Trump’s Ballot Eligibility Up for Discussion in Illinois
The Illinois Board of Elections will vote Tuesday on Trump’s eligibility for the 2024 GOP primary ballot, amid scrutiny of his qualification under the 14th Amendment’s Section Three.
This development stems from a challenge filed by four Illinois registered voters, supported by Free Speech for People, who argue that Trump’s involvement in the January 6 Capitol attack qualifies as participating in an insurrection, rendering him ineligible under Section Three of the 14th Amendment.
Section Three prohibits individuals engaged in insurrections or aiding enemies of the United States government from holding office. This provision has been invoked in various lawsuits nationwide, and the Illinois voters draw parallels with decisions in Colorado and Maine.
The Board engaged a retired judge, Clark Erickson, to oversee oral arguments and provide a nonbinding opinion.
Erickson’s opinion, released on Sunday, recommends dismissing the complaint, stating that the electoral board lacks the authority to determine Trump’s eligibility due to the ongoing constitutional analysis by the US Supreme Court.
Trump’s Compromising Tweet
Despite this, Erickson acknowledges evidence suggesting that Trump understood and exploited the post-2020 election political divide for personal gain by spreading false claims of election fraud. He cites a tweet about then-Vice President Mike Pence as damning evidence contradicting Trump’s denial of involvement in the January 6 events.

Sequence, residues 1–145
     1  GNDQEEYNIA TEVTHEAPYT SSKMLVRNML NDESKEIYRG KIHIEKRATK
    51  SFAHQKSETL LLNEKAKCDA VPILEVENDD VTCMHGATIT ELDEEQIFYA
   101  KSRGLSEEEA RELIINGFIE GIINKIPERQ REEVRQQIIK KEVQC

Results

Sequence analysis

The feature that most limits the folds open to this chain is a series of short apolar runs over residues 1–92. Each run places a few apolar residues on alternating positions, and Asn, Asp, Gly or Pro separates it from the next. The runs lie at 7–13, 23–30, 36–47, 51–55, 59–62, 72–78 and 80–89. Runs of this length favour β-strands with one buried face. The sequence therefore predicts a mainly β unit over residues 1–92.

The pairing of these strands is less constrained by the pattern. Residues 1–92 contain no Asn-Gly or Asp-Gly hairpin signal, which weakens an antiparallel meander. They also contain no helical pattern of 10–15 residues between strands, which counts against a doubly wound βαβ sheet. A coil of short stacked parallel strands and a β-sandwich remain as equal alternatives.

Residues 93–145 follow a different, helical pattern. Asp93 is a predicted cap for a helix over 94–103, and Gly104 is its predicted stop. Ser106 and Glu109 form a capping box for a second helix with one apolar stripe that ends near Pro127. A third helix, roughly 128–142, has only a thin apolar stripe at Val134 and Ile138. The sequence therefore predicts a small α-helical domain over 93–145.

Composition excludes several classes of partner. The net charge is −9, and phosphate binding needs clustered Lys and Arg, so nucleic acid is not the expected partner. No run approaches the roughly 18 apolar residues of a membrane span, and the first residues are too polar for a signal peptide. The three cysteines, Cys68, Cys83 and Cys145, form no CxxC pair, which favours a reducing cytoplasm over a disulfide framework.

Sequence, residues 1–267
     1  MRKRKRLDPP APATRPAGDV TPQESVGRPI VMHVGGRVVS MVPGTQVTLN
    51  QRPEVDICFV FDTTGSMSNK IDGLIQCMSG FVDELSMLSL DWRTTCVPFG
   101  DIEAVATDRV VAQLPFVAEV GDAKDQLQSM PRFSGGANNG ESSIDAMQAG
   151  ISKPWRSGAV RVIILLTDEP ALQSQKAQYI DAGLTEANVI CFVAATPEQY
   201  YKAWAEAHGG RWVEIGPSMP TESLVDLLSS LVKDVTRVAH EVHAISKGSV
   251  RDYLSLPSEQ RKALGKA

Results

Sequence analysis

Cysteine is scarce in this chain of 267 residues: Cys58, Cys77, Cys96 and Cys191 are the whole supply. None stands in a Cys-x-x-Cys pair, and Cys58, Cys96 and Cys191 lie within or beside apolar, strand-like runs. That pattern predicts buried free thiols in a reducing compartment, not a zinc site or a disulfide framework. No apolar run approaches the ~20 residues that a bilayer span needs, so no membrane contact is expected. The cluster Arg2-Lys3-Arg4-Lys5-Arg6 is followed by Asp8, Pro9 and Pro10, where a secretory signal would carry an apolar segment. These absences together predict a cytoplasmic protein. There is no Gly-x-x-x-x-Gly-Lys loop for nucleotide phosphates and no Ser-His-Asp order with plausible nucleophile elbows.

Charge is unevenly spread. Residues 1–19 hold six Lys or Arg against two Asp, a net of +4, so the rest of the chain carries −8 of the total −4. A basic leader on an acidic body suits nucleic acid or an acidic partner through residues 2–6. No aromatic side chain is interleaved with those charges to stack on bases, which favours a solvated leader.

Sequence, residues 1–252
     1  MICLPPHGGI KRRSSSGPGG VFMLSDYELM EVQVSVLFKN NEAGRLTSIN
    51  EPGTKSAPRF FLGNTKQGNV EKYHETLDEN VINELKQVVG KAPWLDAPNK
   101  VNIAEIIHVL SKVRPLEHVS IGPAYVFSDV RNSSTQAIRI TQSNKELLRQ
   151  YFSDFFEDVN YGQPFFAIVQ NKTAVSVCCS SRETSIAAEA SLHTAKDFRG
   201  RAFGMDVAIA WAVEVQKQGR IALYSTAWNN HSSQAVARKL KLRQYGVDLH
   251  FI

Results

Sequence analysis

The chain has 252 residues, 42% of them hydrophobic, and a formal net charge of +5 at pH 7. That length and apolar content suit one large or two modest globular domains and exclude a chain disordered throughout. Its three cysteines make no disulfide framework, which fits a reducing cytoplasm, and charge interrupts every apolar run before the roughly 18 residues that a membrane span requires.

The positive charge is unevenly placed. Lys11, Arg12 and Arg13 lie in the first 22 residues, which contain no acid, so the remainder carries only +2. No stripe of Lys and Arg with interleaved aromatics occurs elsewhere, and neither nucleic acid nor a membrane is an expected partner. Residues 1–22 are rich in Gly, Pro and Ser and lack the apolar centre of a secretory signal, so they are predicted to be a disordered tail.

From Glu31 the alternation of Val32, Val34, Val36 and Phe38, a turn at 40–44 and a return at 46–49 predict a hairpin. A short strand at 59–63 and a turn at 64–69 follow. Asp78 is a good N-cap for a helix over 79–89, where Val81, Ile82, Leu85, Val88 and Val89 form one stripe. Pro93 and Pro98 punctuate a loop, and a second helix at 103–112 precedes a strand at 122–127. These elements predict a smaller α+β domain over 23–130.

Erickson contends that Trump’s subsequent calls for peace on social media were attempts at plausible deniability after inflaming tensions.
The electoral board is not bound by Erickson’s recommendation, and he suggests that if they disagree, they should determine if the evidence presented during the recent hearing proves, by a preponderance of evidence, that Trump engaged in an insurrection.
The decision, whatever it may be, could be subject to appeal before the March 19 primary. The outcome will not only impact Trump’s potential candidacy but also adds another layer to the ongoing national debate about accountability for the events of January 6.